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My Own (Health-Inducing) Olympic Moment

No doubt Olympic athletes are the picture of health. But have you ever considered the health-inducing behavior of the millions of people watching the Games on TV?

 

This summer in London an estimated 10,500 athletes from around 200 countries will compete in 26 sports for over 900 bronze, silver, and gold medals. Although the Olympic Games have just gotten underway, the next couple of weeks are certain to provide many unforgettable memories for millions of people watching around the world.

But for me, regardless of what happens in London, one Olympic moment will always stand out above them all.

It was in Atlanta, 1996. Standing in line at a concession stand at the Opening Ceremonies – just after ordering a hot dog and a Coke – the most surprising thing happened. A man I’d been chatting with in line handed his credit card to the cashier and said “Let me buy you dinner.” He was a local and wanted to make sure that as a visitor I felt welcome.

I don’t remember this guy’s name. I can’t even recall what we talked about. All I remember is his simple yet impressive display of generosity.

Although picking up the tab for someone’s meal may pale in comparison to, say, Michael Phelps’ record-setting 16 gold medals, what this man did points to a quality of thought that could very well improve the health and well being of all those millions of people watching the Games on TV.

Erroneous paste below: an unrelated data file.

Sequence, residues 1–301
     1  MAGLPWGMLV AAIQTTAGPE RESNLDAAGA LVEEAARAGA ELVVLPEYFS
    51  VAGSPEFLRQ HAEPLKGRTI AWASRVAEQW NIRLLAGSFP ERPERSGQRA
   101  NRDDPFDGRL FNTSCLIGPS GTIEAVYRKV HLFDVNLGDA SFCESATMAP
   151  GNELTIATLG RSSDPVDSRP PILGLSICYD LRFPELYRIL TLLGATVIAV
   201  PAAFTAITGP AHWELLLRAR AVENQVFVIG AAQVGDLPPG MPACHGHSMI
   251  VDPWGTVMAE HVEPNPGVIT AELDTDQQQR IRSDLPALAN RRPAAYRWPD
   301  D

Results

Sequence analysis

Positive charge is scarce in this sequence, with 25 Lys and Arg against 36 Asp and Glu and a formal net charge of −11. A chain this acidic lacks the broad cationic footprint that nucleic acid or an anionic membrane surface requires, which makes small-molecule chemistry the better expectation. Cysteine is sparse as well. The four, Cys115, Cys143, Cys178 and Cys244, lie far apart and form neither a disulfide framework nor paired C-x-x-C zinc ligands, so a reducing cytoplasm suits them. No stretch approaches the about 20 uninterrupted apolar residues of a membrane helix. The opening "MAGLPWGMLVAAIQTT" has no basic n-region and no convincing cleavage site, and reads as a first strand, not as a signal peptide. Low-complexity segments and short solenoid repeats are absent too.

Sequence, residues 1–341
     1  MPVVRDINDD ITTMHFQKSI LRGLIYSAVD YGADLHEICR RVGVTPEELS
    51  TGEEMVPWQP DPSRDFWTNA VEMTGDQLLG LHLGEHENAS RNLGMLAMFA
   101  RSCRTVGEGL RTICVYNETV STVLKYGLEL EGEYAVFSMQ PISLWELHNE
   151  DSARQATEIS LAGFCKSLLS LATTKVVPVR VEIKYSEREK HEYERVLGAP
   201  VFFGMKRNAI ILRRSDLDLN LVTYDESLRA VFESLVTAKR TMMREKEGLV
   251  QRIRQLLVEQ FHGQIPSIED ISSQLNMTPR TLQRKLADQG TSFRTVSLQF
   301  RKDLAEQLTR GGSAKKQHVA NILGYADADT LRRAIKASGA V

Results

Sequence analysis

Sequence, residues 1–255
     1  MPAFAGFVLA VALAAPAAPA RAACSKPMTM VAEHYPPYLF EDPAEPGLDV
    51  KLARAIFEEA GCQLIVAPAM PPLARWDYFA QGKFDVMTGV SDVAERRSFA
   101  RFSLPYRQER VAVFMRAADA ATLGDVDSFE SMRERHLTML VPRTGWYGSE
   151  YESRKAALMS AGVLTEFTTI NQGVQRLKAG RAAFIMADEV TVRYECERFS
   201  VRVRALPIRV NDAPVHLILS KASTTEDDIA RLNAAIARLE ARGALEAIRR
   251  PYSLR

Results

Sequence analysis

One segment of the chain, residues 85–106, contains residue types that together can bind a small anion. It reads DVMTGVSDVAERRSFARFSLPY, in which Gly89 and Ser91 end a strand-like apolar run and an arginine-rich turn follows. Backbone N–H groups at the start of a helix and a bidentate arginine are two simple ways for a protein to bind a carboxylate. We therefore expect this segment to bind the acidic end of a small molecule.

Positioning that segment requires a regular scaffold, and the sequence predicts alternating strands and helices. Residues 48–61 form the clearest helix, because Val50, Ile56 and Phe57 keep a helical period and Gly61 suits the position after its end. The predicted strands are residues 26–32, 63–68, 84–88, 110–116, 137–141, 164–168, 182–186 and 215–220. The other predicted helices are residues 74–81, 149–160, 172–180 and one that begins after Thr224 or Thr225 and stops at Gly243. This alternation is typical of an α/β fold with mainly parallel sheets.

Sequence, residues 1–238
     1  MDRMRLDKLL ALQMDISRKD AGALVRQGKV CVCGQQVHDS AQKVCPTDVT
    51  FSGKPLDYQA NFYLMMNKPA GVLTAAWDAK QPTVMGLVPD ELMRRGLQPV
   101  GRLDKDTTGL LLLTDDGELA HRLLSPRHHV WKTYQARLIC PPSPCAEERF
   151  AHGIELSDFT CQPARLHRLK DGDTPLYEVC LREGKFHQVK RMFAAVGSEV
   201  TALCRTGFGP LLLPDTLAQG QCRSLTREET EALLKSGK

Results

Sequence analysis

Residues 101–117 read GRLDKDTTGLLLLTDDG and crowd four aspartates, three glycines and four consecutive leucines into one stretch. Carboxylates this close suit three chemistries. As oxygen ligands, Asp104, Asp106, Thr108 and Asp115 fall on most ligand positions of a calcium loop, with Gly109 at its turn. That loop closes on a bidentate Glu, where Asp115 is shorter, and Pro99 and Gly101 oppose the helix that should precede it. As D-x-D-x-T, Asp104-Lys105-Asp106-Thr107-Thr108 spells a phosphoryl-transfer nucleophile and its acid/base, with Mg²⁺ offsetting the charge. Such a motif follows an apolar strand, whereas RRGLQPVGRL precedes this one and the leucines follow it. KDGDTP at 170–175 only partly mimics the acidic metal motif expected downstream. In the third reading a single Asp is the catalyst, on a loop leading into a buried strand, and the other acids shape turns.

Ask social psychologist, Elizabeth Dunn, and she’d probably say it already is.

Dr. Dunn, along with two of her colleagues from the University of British Columbia and one from the University of Groningen in the Netherlands, conducted a study to determine the mental and physical impact of generosity. A game was played in which each participant was given ten dollars and told that they could either keep the money themselves or give any portion of it away.

“What we found, was that the more money people gave away, the happier they felt,” said Dr. Dunn in a podcast interview for Scientific American. “Conversely though, the more money people kept for themselves the more shame they experienced.”

That covers the mental aspect of generosity. But what does it tell us about physical health?

“The more shame people felt, the more we saw their cortisol levels rise,” Dr. Dunn continues. “This is important, because cortisol is thought to explain some of the links that we’ve seen between stress and disease. So we know that over time elevated levels of cortisol cause wear and tear on the body.”

Strip away the scientific jargon and you’re left with a simple yet equally scientific truth, first articulated some 2000 years ago: “He that soweth sparingly shall reap also sparingly; and he that soweth bountifully shall reap also bountifully” (Second Corinthians 9:6). In other words, what you give is what you get in return, not the least of which is a happier, healthier body, all without the use of drugs or fear of harmful side effects.

Time and again since my visit to Atlanta in ’96, I’ve seen in my own experience that what the Bible says and what Dr. Dunn is finding out in her research is true: The more generous I am, the better I feel; a lesson that is certain to stick with me for many years to come.

And to think, it all began while waiting in line for a hot dog and a Coke.

Eric Nelson is a Los Altos resident. His articles on the link between consciousness and health have appeared in a number of local, regional, and national publications, including The Washington Times. He also serves as the media and legislative spokesperson for Christian Science in California. This article shared with permission by Communities @WashingtonTimes.com.

 

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